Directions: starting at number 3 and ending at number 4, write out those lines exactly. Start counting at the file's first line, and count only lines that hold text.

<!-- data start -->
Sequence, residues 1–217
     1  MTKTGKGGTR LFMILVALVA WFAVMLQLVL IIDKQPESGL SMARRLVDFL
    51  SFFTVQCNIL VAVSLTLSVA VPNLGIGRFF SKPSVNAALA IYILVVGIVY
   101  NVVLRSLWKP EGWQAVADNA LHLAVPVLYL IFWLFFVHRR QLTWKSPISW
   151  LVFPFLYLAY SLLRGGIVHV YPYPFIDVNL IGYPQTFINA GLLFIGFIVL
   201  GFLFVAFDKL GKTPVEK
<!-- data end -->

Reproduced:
    51  SFFTVQCNIL VAVSLTLSVA VPNLGIGRFF SKPSVNAALA IYILVVGIVY
   101  NVVLRSLWKP EGWQAVADNA LHLAVPVLYL IFWLFFVHRR QLTWKSPISW